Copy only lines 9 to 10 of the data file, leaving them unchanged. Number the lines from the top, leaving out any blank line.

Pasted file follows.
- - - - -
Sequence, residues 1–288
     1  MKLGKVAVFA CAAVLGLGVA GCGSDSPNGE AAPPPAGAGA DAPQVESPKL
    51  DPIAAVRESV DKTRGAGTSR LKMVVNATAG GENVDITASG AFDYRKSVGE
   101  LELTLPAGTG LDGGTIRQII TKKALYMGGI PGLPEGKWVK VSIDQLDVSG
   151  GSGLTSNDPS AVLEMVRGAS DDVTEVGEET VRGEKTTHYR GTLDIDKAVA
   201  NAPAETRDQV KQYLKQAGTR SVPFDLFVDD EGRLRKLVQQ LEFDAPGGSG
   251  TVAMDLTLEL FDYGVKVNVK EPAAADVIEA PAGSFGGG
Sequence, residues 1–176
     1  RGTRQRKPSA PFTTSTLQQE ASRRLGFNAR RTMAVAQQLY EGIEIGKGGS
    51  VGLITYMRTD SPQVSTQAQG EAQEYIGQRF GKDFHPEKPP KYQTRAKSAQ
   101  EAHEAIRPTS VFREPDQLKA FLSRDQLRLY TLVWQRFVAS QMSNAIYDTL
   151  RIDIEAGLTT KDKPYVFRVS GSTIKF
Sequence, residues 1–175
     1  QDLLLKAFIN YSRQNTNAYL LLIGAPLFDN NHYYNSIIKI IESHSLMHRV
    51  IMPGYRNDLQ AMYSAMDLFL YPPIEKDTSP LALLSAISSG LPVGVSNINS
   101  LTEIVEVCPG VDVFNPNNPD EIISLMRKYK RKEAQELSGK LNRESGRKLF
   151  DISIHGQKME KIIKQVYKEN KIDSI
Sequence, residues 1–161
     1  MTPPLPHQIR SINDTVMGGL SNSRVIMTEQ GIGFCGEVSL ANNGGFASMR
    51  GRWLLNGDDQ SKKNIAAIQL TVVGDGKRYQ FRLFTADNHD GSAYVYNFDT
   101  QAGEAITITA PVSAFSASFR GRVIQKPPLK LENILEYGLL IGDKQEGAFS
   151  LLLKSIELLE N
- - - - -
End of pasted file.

     1  RGTRQRKPSA PFTTSTLQQE ASRRLGFNAR RTMAVAQQLY EGIEIGKGGS
    51  VGLITYMRTD SPQVSTQAQG EAQEYIGQRF GKDFHPEKPP KYQTRAKSAQ